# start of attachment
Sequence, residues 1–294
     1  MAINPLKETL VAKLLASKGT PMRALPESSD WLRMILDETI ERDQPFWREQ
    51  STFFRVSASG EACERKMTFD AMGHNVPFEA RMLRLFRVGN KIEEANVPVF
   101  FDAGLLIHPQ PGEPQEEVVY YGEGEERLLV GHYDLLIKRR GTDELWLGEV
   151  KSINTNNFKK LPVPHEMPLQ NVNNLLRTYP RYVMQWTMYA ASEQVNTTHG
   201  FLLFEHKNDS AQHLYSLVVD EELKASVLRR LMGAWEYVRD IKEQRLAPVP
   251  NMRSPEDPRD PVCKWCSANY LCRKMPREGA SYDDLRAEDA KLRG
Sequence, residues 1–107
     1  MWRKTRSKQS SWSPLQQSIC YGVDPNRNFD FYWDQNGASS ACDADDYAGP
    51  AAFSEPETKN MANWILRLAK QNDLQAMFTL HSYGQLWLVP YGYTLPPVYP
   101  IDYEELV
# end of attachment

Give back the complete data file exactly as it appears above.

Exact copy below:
Sequence, residues 1–294
     1  MAINPLKETL VAKLLASKGT PMRALPESSD WLRMILDETI ERDQPFWREQ
    51  STFFRVSASG EACERKMTFD AMGHNVPFEA RMLRLFRVGN KIEEANVPVF
   101  FDAGLLIHPQ PGEPQEEVVY YGEGEERLLV GHYDLLIKRR GTDELWLGEV
   151  KSINTNNFKK LPVPHEMPLQ NVNNLLRTYP RYVMQWTMYA ASEQVNTTHG
   201  FLLFEHKNDS AQHLYSLVVD EELKASVLRR LMGAWEYVRD IKEQRLAPVP
   251  NMRSPEDPRD PVCKWCSANY LCRKMPREGA SYDDLRAEDA KLRG
Sequence, residues 1–107
     1  MWRKTRSKQS SWSPLQQSIC YGVDPNRNFD FYWDQNGASS ACDADDYAGP
    51  AAFSEPETKN MANWILRLAK QNDLQAMFTL HSYGQLWLVP YGYTLPPVYP
   101  IDYEELV